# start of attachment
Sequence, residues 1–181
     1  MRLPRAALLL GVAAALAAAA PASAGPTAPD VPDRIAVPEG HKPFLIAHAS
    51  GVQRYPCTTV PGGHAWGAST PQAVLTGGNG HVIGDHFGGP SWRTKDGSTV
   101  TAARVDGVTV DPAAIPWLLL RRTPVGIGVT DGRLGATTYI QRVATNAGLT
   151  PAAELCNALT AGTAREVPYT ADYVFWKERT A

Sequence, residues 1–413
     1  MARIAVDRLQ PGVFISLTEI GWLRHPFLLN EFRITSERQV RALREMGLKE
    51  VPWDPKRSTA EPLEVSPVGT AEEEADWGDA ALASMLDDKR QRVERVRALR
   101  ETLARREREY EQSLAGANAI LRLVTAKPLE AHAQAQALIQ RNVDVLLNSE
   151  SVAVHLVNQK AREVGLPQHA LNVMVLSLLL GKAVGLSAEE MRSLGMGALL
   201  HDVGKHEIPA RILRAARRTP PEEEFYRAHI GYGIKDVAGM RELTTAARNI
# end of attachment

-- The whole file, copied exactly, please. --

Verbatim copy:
Sequence, residues 1–181
     1  MRLPRAALLL GVAAALAAAA PASAGPTAPD VPDRIAVPEG HKPFLIAHAS
    51  GVQRYPCTTV PGGHAWGAST PQAVLTGGNG HVIGDHFGGP SWRTKDGSTV
   101  TAARVDGVTV DPAAIPWLLL RRTPVGIGVT DGRLGATTYI QRVATNAGLT
   151  PAAELCNALT AGTAREVPYT ADYVFWKERT A

Sequence, residues 1–413
     1  MARIAVDRLQ PGVFISLTEI GWLRHPFLLN EFRITSERQV RALREMGLKE
    51  VPWDPKRSTA EPLEVSPVGT AEEEADWGDA ALASMLDDKR QRVERVRALR
   101  ETLARREREY EQSLAGANAI LRLVTAKPLE AHAQAQALIQ RNVDVLLNSE
   151  SVAVHLVNQK AREVGLPQHA LNVMVLSLLL GKAVGLSAEE MRSLGMGALL
   201  HDVGKHEIPA RILRAARRTP PEEEFYRAHI GYGIKDVAGM RELTTAARNI